Hartford Closing The Book On Ill-Fated 1940s Public Housing
November 21, 2010
Rarely has the road to hell been paved with better intentions. Seven decades ago, as the world was preparing for war, Hartford rolled up its sleeves to build new housing for workers and their families. The new housing projects were great for a time, model communities. And then, gradually but inexorably, they became as bad or worse than the slums they replaced.
This era comes to an end Tuesday with the groundbreaking for new housing that will replace last of the city's early 1940s housing projects, Nelton Court, in the North End. It will be an emotional day for Hartford Housing Authority executive director Alan E. Green, who — like so many prominent and successful people in the area — grew up in public housing in its early decades.
Green, whose ancestors fought in the Revolutionary and Civil wars, is a student of history. He pored through the records of the city's drive to build nearly 2,000 apartments in the early 1940s. There was such hope
Most of us think of the projects as they were in their last years: squalid, run-down, hopeless, violent, drug-infested rat holes. Stowe Village, Dutch Point, Charter Oak Terrace and Bellevue Square, as well as Nelton Court, became synonymous with crime and urban decay. If any of the people who built these projects lived long enough to see what they became, they must have cried.
The second annual report of the Hartford Housing Authority, for 1940-41, describes people doing God's work. The authority was eradicating slums, giving people who before couldn't afford decent housing the apartment of their dreams, improving the city. The projects, Green observed, were all built near schools, so the families could educate their children and help them get ahead.
And it worked, for at least a generation. So many people of all hues and creeds have spoken lovingly of growing up in these projects in the years after the war, the great sense of community, the friendships, the feeling of safety. One is Alan Green. He and his family lived in Rice Heights, the smaller project across from Charter Oak Terrace in the southwest part of the city.
He recalls that on Saturday nights in the 1950s, the dads in the project would get a screen or a sheet, a projector, some chairs and some food, and show movies on the lawn. And he remembers seeing the dads walking to work — few owned cars — at the nearby typewriter factories. "It was a wonderful life," he said. But after a decade, Alan's dad got a better job, which put the family over the income limit. They had to move. He was sad to leave.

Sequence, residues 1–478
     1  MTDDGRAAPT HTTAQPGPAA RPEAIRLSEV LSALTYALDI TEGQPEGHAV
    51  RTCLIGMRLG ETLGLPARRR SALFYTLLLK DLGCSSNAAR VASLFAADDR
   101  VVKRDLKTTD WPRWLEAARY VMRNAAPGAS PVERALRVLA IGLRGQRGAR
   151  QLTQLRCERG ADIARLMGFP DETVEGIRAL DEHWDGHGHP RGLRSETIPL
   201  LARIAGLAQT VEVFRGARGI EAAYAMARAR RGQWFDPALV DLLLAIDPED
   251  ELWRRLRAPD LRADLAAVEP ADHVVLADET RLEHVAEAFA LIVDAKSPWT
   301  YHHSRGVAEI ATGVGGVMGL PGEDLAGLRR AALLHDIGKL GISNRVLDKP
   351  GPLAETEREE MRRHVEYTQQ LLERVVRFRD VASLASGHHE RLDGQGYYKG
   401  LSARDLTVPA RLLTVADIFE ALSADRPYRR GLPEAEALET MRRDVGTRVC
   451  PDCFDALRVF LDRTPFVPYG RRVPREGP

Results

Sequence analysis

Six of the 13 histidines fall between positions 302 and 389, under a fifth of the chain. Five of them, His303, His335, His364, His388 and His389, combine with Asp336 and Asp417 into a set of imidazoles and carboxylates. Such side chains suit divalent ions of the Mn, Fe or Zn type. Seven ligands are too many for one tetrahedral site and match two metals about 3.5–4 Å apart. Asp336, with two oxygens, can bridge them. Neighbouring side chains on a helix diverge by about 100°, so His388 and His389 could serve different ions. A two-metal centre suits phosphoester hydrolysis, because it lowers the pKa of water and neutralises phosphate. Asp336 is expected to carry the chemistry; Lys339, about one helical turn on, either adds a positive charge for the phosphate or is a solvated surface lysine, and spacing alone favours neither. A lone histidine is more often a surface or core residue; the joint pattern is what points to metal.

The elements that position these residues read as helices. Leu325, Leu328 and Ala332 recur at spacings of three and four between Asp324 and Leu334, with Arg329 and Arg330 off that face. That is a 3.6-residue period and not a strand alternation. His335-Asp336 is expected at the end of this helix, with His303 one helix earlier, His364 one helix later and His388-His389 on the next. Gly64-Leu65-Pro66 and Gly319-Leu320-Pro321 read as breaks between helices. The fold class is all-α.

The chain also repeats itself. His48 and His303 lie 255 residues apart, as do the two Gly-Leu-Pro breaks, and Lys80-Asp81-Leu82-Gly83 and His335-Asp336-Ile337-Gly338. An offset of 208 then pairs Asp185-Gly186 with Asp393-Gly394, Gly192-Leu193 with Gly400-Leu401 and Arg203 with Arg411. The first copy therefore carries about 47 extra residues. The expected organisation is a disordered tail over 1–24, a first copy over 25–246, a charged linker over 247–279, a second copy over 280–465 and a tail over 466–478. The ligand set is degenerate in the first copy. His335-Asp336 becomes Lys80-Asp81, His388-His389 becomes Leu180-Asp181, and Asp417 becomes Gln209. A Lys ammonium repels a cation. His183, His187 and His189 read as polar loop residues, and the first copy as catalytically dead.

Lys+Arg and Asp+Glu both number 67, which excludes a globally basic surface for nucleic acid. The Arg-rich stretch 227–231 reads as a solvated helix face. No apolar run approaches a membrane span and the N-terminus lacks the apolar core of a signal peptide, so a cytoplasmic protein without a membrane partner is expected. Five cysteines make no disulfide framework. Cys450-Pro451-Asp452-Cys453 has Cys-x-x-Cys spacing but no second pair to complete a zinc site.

What went missing, as the years went by, were two parts of the story: "work," and not long after, "dads."
The loss of those manufacturing jobs down the street, at such places as the Royal and Underwood typewriter factories (explain to your kids what a typewriter is), may be the major reason the projects went bad, but there were a host of others.
Welfare rules and civil rights legislation worked to keep multiple generations of families in the projects, Green said. Suburban flight took middle-class neighbors, many businesses and even some city churches to adjoining towns. The housing project buildings, built quickly and sometimes cheaply, began to decay. Congress lowered the rents at federally funded projects in the late 1960s, making it harder for local authorities to keep them up.
The projects were intended to be transitional, as they were for Green family. When they ceased to be that, when they began to be multi-generational residences for the very poor, they changed. With no jobs, family structure broke down and the illegal economy wormed its way in. One of Green's predecessors, John Wardlaw, called the projects "concentration camps for the poor."
That was in the 1990s, when Wardlaw and Mayor Mike Peters began taking down the big projects. Green now finishes their work. The last tenants at Nelton Court were moved out a month ago. The demolition of the 120 units in the worn, two-story brick buildings will begin about Dec.1. The project will be replaced by a less-dense 80 units, in attractive, side-by-side townhouses or two and three stories. They will be rental units for people with low incomes, essentially the people who live there now.
So the five big federal projects from the early 1940s will all have been replaced by new housing. It's all an improvement; the housing at the former Dutch Point project is gorgeous. Will it make a difference in the end, or will a new set of city officials be tearing it down in the late 21st century, wondering why it went bad?
Or, are whole parts of the city becoming like public housing projects, home to very poor people with few options other than the illegal economy?
Green is increasing the resident services part of his work, to help people get an education and a job. But are jobs going to be there? Hartford's 15.8 percent unemployment rate is the highest in the state. What are the typewriter factories of Hartford's future?
Reprinted with permission of the Hartford Courant.
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